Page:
Here’s a link to a couple more pics and a paragraph on the history farther down. A total of 3500 produced until 1941. Made by Stutz in Indianapolis from 1930-38, then by Auburn in Connersville, IN from 1938-41. Diamond T was contracted for service work because Auburn didn’t have a service network.
And another link and excerp. Its a little confusing what role Diamond T played and who made the chassis and drive train. Sounds like it was a 3 cyl that could be pulled with the trans in 15 minutes. Interesting vehicle.
Later that year Auburn management purchased the trade name and tooling for the Stutz Package Car from the bankrupt Indianapolis automaker and formed a new subsidiary, the PAC-AGE-CAR Corporation on August 25, 1938 in order to build it. Stutz had filed for bankruptcy on Sept 29, 1937, a few short weeks before Auburn’s filing.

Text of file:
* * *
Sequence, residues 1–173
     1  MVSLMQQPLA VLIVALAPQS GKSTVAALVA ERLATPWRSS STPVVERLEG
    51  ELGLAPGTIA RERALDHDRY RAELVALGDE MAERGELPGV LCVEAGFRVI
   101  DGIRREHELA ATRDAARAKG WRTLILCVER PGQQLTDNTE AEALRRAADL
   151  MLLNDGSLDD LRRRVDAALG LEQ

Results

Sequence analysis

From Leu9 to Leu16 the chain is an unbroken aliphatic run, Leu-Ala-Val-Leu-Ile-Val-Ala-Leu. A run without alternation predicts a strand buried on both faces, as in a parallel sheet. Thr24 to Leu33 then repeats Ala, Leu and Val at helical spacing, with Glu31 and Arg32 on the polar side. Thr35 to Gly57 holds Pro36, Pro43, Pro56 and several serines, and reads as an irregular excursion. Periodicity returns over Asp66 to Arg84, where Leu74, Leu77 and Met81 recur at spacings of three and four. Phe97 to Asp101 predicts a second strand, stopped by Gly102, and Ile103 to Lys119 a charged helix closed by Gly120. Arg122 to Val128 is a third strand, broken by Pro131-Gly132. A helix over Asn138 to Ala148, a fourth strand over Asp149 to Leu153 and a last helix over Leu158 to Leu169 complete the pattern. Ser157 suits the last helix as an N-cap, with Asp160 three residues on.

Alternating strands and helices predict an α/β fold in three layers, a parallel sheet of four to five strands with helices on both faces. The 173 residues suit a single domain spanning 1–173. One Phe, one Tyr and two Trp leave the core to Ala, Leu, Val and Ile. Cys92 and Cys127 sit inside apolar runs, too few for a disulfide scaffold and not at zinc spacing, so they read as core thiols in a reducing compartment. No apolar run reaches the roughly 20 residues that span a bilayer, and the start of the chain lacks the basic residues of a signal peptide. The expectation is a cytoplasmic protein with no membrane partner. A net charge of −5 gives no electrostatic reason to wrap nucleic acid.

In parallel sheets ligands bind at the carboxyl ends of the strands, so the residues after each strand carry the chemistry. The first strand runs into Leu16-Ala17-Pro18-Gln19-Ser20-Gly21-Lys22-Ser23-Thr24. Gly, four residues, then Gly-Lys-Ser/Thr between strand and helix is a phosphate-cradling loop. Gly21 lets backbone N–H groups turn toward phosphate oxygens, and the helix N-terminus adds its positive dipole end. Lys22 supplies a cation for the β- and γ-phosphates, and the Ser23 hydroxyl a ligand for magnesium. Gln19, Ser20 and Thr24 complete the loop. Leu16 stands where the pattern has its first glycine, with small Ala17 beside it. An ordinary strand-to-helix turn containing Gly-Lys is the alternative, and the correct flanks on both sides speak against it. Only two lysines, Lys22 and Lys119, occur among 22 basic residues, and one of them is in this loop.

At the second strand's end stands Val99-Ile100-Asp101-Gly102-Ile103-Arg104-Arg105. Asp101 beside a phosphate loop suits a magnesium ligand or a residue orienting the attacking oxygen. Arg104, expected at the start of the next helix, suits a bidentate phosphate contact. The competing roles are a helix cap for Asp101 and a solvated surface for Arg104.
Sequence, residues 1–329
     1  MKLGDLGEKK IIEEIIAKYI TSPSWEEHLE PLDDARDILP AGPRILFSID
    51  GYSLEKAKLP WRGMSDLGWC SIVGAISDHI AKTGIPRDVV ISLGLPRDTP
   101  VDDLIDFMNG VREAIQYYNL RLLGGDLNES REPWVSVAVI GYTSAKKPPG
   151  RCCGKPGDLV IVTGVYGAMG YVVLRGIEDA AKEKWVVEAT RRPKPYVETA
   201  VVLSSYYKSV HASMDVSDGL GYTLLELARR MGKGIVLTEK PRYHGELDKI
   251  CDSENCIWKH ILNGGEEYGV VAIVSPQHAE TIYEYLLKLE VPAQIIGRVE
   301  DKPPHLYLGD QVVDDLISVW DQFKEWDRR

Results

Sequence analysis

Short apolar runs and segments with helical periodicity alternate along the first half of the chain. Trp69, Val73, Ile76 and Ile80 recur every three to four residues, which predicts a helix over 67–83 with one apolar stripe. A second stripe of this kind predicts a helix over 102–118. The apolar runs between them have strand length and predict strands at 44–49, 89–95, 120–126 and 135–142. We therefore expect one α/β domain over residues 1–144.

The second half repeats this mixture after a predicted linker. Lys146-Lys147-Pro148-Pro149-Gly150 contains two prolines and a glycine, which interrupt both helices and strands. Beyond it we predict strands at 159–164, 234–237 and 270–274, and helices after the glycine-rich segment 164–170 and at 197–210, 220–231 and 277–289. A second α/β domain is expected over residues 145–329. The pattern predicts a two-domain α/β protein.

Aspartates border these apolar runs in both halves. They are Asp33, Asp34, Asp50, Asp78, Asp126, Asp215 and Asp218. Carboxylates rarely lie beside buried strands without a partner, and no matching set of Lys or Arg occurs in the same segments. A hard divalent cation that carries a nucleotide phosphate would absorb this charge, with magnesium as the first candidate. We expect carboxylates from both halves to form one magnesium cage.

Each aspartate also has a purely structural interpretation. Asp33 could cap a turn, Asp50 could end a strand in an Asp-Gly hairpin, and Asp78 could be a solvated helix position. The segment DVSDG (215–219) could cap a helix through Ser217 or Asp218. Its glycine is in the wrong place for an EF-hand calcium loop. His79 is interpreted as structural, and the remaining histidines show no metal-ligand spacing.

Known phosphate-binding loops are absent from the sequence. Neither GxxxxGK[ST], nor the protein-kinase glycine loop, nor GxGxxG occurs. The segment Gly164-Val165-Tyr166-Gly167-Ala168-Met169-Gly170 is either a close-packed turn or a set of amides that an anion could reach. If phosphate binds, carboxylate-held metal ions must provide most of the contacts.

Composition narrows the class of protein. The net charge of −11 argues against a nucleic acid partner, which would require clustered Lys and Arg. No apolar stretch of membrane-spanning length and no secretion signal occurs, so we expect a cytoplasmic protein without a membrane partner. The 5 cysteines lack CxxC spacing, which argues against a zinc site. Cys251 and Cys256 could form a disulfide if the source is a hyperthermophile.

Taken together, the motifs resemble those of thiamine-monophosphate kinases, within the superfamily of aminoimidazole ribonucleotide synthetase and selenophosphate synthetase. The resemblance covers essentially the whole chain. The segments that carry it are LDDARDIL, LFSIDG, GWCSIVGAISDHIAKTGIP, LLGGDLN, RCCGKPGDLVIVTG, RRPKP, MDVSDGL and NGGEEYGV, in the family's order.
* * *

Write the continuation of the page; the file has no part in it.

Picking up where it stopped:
The Package Car was a small urban delivery vehicle that Stutz had introduced in 1937 as an alternative to the much larger milk and bread vans offered by traditional truck manufacturers. Available in a 90” and 116” wheelbase, the clever trucks featured an all-steel unibody and an easily removable rear drivetrain module that could be exchanged in under an hour.
Most of the Connersville factory’s Pac-age-car output was re-branded and sold by Diamond T dealers as the Diamond t Package Car. During its short life (1939-1941) several hundred Package Cars found buyers and at least one 1939 Diamond T is known to exist.